1. The station was interested in the book, but needed some local connection with the book to justify an interview. This also happened on quite a number of occasions, and was where the challenge began.

I secured a state-wide interview in Ballarat by explaining the history of my various ancestors in rural Victoria. I secured an interview in south west Queensland by discussing the influence of Banjo Paterson on my work. (Paterson wrote Waltzing Matilda in this part of Australia.) I secured a couple of interviews in South Australia by discussing the influence of CJ Dennis on my work. (Dennis was born in South Australia, and lived there as a child and young adult.) I have secured an interview in Albany, Western Australia, by explaining that there are poems about whales in the book. (We will do the interview as soon as the whales arrive!) I have also secured an interview in Tamworth, because that is where I won the award.

I should add that all of these interviews (13 now in total) have been conducted without my leaving Melbourne. A few have been live, but most were pre-recorded. Most have been conducted on my mobile phone. I attended the ABC Soutbank Studios for the interview with Libby Gorr.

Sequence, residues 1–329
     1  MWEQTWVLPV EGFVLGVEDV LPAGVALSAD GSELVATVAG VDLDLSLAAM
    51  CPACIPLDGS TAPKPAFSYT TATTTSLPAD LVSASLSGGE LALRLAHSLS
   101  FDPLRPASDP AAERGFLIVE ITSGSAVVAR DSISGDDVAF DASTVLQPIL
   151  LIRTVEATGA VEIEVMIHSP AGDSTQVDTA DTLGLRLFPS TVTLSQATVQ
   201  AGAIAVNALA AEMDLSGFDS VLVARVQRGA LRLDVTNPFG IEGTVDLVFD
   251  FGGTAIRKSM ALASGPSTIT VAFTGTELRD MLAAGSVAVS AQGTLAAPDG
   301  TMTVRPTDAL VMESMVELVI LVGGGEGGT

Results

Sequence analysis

Of particular interest was the Ballarat interview, where I was placed in a ‘Tardis’ in Southbank. These are highly sophisticated studios that allow the interviewee to sound as though they are in the same studio as the interviewer, even though they may be many miles away.

My favourite interviews have been with the smallest stations in far off corners of this huge continent. The interviewers tend to be more passionate, the interviews longer, and the questions more interesting.

Do any of these interviews sell books? I don’t know, and I probably never will. I cannot see how they could do any harm, however, and they are great fun. Of course, the number of people listening to these programmes is likely to be less than with the large metropolitan stations, but there is nothing to be done about that.

My own feeling is that these smaller rural and regional ABC Local radio stations are a highly valuable and probably greatly under-utilised resource for authors trying to sell their books.